But the Maryland action
goes further than most initiatives, requiring that the state’s 24 school systems track data to ensure that minority and special education students are not unduly affected by suspensions, expulsions and other disciplinary measures. Disparities would have to be reduced within a year and eliminated within three years.
“It could well be the largest governmental unit that has made this strong a commitment to addressing racial disparities in discipline,” said Russell Skiba, a professor at Indiana University who does research on race and discipline. He called the action “a tremendous step forward.”
The new regulations require local school boards to adopt a rehabilitative philosophy toward discipline and teach students positive behavior. Zero-tolerance policies with automatic consequences would be banned, and long-term suspensions and expulsions are referred to as a last resort.
Board President James H. DeGraffenreidt Jr. said after Tuesday’s vote that Maryland’s main accomplishment was to bring student learning and disciplinary consequences into the same conversation, moving away from the get-tough climate that took hold in schools nationally after the Columbine massacre in Colorado in 1999.
“We have taken the best thinking from around the state and turned out something that is workable for our local districts to implement,” he said. The new regulations — adopted in a 10 to 0 vote with two board members absent — represent “a common-sense change.”
In a report citing data and research studies, the board said its intent was to meet the needs of all students. “No student comes to school ‘perfect’ academically or behaviorally,” the document says. “We do not throw away the imperfect or difficult children.”
The regulations approved Tuesday establish new definitions of suspension — what is short, what is long — and new timetables for rulings and appeals so that fewer students languish out of school. They require that when students are suspended, they must be provided with classwork and a school-based liaison to contact.
In broad terms, the changes are intended to cut back out-of-school suspensions for nonviolent offenses such as disrespect and insubordination and provide more fairness and support for students who are removed.
The board’s report said 54 percent of out-of-school suspensions in Maryland arise from nonviolent offenses. But it stopped short of stepping into the question of when schools may suspend students. “The superintendents and local boards asked that we leave the imposition of appropriate discipline in their hands,” the report says. “We agree.”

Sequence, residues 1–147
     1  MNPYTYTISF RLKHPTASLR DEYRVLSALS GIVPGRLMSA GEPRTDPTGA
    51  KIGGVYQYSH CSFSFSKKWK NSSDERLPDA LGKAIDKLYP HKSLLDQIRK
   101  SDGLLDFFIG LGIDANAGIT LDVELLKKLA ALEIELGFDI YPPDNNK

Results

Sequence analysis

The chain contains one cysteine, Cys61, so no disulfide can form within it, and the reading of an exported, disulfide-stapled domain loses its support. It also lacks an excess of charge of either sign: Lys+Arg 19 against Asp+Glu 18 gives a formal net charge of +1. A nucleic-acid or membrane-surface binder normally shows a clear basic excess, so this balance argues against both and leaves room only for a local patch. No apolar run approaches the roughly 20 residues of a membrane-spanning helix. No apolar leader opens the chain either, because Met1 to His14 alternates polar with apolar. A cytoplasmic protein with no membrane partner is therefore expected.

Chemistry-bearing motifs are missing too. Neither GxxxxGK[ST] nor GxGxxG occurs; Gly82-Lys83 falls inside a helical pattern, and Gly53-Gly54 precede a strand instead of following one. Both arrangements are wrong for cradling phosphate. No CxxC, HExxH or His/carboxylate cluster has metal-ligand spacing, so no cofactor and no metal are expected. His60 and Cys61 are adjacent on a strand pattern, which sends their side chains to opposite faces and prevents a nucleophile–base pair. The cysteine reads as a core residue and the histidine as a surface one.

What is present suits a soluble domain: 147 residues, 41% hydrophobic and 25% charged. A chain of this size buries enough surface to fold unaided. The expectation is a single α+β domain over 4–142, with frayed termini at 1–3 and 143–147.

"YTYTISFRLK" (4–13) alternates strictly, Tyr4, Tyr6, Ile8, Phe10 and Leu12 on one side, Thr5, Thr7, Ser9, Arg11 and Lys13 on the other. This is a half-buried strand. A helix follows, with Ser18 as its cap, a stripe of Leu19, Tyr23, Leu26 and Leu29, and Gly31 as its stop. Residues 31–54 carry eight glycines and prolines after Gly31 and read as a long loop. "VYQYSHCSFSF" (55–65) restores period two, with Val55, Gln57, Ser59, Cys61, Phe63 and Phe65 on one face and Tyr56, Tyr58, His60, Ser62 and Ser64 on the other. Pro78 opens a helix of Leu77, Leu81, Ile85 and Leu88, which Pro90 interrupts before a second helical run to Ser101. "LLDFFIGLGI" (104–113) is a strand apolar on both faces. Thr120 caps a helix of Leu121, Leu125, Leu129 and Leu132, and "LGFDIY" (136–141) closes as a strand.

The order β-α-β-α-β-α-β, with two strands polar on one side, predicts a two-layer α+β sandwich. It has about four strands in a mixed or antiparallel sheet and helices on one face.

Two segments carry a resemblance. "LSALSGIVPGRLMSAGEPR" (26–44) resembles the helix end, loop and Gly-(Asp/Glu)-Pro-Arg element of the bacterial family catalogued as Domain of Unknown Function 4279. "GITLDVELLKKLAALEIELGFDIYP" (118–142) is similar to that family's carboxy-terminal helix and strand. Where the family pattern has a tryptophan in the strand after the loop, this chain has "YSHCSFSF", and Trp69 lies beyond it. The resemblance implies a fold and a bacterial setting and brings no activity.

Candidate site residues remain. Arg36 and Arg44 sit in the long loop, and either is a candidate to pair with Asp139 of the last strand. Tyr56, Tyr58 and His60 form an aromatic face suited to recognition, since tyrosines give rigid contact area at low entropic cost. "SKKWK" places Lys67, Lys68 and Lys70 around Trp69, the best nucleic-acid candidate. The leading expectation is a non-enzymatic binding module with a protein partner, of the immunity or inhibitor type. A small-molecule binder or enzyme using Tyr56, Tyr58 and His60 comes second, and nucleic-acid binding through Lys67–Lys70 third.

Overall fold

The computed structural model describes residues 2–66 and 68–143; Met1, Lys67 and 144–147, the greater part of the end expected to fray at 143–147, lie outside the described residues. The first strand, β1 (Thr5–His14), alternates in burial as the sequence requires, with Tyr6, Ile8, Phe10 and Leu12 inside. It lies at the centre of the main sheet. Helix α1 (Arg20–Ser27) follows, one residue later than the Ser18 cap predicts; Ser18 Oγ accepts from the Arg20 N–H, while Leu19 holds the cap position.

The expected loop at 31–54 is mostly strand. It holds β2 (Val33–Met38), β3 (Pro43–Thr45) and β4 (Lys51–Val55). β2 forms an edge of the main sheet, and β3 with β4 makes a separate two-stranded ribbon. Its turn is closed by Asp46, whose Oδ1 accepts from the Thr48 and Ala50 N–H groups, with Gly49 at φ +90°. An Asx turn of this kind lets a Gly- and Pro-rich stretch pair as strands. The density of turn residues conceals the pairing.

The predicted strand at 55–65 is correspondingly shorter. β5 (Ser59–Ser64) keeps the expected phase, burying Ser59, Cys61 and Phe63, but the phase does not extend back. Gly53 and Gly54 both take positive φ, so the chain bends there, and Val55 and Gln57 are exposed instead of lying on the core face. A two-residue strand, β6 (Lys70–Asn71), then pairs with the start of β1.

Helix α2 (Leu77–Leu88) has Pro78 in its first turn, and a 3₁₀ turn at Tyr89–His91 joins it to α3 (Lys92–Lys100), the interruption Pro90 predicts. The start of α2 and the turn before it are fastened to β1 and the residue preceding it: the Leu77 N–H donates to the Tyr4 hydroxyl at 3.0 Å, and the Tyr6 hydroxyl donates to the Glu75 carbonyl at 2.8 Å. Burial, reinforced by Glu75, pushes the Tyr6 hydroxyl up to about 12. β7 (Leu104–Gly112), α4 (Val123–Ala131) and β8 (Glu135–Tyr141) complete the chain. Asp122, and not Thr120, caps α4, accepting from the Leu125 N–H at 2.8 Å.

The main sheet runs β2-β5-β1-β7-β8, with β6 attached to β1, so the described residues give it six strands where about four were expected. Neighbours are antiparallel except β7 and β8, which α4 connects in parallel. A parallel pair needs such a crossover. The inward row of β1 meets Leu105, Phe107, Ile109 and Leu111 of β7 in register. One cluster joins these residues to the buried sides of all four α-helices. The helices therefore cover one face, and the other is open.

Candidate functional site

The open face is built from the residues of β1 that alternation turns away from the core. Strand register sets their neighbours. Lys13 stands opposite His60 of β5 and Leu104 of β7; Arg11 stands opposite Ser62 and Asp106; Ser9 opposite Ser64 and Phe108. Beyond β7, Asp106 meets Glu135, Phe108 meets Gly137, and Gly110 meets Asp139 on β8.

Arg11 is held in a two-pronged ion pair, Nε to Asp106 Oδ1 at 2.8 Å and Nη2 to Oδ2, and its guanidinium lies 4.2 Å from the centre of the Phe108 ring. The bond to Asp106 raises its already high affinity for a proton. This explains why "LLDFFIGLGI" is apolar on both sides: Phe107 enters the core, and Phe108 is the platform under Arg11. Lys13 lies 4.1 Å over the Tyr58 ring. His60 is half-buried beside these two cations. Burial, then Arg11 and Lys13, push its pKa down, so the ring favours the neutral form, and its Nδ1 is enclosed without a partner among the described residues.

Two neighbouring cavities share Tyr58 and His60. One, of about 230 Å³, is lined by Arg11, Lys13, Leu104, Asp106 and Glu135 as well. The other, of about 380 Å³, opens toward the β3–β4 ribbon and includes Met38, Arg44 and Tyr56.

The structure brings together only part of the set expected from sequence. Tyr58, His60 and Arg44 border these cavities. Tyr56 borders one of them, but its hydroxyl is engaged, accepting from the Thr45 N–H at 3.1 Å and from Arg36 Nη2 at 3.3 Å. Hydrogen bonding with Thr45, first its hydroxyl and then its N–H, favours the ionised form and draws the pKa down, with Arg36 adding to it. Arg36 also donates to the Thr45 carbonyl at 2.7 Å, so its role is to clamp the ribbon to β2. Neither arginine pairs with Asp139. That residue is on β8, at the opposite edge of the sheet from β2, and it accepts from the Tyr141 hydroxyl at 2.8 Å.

The effort to reform disciplinary procedures, unveiled in January, followed nearly two years of study and deliberation on student discipline, intensified by local cases including the 2011 suicide of a 15-year-old football player, Nick Stuban, in Virginia.
Over the months, panels of educators, advocates, students and others testified. Hundreds of written comments were submitted.
Not everyone embraced the outcome. Carl Roberts, executive director of the Public School Superintendents’ Association of Maryland, said more analysis is needed and more input from principals and administrators. “You need to take your time and thoroughly analyze the data,” he said.
Other objections were voiced in written comments from educators and parents concerned about “good students” who endure classroom disruption and may benefit by the absence of classmates who get in trouble.
The board responded in its report, saying that suspended students are at risk of dropping out — and that ensuring graduation for all “adds to the health and wealth of the state of Maryland and improves the global competitiveness of this country.”
Several Maryland advocates lauded the changes but said they hoped for efforts to provide instruction for suspended students — even online teaching or Saturday school alternatives.
Still, the requirement that suspended students be given their schoolwork will make a “huge difference” in some parts of the state, said Nicole Joseph, a lawyer with the Maryland Disability Law Center.
Particularly on racial disparities, “Maryland’s proposal is on the cutting edge,” said Judith A. Browne Dianis, co-director of the Advancement Project, a civil rights group involved in discipline issues nationally.
With Tuesday’s vote, the discipline regulations are considered “published” but require a state review and a 30-day period for additional public comment. The board will then vote on final adoption.
The board has also asked that a best-practices work group be convened to discuss promising approaches. Said DeGraffenreidt: “We’re trying to avoid being prescriptive and build on the good work that is going on in a variety of school districts across the state.”